Eva Magdalena Andersson is a Swedish politician and economist serving as Prime Minister of Sweden and leader of the Swedish Social Democratic Party since 2021.

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<span class="mw-page-title-main">2014 Swedish government crisis</span>

The 2014 Swedish government crisis started on 3 December 2014 after the Riksdag rejected the proposed government budget in favour of a budget proposed by the centre-right opposition.

In the run up for the 2022 Swedish general election to the Riksdag, various organisations carry out opinion polling to gauge voting intention in Sweden. Results of such polls are displayed in this article.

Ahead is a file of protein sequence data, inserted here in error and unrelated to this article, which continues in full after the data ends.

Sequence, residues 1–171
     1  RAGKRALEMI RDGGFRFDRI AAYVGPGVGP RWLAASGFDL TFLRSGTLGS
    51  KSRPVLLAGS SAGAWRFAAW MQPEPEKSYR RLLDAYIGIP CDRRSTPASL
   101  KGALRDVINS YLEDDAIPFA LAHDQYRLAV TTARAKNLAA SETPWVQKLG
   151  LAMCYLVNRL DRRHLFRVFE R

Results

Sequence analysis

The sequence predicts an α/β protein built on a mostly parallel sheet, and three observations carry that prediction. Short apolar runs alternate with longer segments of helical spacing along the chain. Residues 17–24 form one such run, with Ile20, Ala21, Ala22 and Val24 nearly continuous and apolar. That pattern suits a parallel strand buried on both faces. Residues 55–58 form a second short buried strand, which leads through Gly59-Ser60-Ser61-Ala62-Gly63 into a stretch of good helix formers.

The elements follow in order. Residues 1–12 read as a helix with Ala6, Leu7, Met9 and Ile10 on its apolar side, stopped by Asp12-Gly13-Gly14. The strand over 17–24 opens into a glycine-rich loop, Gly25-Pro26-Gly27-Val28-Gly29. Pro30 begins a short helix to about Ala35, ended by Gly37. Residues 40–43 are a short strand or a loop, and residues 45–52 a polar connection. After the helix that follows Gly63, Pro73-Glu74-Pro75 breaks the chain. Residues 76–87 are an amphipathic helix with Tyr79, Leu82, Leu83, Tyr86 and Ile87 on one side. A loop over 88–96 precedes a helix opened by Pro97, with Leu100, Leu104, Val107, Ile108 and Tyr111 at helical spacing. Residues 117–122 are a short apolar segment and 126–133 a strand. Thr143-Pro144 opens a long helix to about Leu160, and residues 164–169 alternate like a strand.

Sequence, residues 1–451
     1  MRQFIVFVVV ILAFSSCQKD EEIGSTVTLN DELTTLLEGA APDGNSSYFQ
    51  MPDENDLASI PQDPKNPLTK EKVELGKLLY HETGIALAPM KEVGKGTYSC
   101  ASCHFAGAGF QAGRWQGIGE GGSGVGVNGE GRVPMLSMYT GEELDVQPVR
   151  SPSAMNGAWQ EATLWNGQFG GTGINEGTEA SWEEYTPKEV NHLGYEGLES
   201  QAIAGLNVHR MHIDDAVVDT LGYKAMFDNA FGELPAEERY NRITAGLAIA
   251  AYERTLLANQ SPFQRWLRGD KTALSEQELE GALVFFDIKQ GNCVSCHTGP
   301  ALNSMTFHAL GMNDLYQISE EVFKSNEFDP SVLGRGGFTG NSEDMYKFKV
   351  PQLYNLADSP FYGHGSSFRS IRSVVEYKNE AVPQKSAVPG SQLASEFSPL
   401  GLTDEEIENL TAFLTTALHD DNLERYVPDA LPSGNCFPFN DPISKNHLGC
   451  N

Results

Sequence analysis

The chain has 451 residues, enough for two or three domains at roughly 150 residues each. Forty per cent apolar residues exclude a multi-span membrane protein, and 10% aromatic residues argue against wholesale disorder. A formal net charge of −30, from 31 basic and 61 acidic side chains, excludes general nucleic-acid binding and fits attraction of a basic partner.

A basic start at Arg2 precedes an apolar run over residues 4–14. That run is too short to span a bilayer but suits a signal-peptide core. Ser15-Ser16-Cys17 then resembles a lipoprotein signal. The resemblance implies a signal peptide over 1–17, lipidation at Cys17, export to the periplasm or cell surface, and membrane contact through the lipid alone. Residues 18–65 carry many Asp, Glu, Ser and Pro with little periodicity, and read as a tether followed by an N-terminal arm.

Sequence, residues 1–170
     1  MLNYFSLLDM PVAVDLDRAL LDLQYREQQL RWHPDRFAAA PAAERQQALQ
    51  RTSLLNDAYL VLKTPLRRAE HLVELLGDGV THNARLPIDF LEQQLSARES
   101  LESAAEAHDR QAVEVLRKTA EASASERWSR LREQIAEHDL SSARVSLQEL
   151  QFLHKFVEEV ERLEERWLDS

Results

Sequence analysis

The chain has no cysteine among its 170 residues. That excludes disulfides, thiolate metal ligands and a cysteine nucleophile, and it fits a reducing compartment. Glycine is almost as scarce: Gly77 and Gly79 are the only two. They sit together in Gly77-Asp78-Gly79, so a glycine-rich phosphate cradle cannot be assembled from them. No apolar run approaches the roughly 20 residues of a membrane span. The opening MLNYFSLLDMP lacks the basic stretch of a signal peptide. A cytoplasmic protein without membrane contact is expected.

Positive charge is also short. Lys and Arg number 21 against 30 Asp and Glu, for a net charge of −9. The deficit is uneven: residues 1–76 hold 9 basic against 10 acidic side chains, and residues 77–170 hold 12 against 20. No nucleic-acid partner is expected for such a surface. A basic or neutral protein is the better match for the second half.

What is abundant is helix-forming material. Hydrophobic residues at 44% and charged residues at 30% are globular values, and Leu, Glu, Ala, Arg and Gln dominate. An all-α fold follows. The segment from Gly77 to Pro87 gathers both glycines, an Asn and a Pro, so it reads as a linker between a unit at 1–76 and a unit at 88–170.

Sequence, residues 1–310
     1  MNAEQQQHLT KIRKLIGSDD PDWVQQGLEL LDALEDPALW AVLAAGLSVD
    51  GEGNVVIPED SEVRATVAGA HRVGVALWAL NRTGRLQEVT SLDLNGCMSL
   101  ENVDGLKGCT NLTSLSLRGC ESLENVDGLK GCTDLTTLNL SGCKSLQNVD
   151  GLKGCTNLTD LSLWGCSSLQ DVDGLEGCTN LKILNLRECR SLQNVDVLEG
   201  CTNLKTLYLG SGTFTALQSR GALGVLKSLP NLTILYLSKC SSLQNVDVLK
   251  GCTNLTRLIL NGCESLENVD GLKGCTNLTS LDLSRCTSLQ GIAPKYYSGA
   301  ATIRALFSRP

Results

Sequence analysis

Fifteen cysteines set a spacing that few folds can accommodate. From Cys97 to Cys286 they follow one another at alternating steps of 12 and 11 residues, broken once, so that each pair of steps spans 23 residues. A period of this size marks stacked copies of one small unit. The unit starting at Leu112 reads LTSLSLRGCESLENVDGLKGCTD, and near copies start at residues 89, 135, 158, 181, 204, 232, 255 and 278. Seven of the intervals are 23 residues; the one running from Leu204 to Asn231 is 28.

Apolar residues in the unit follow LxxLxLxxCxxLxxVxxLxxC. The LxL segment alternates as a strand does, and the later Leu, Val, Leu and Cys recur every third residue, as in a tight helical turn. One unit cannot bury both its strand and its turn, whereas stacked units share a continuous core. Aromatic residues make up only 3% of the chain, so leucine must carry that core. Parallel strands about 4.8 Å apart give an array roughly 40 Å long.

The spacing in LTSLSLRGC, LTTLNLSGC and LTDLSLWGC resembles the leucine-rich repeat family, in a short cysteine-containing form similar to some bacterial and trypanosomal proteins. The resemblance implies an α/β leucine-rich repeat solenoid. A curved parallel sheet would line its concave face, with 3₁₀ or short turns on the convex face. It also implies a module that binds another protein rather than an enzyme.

In the 2018 Swedish general election, no political group or party won an outright majority, resulting in a hung parliament. On 9 September, the Red-Greens, led by Stefan Löfven's Social Democrats (S), emerged as the main political force in the Riksdag, while the centre-right Alliance led by Ulf Kristersson's Moderate Party only got one seat less. The right-wing populist party Sweden Democrats, led by Jimmie Åkesson, came third. As a result, protracted negotiations were required before a new government formation. On 18 January 2019, Löfven was re-elected as prime minister.

Events of 2019 in Sweden

<span class="mw-page-title-main">Löfven II Cabinet</span>

The second cabinet of Stefan Löfven was the Government of Sweden from 21 January 2019 to 9 July 2021. It was a coalition, consisting of two parties: the Social Democrats and the Green Party. The cabinet was installed on 21 January 2019, following the 2018 general election.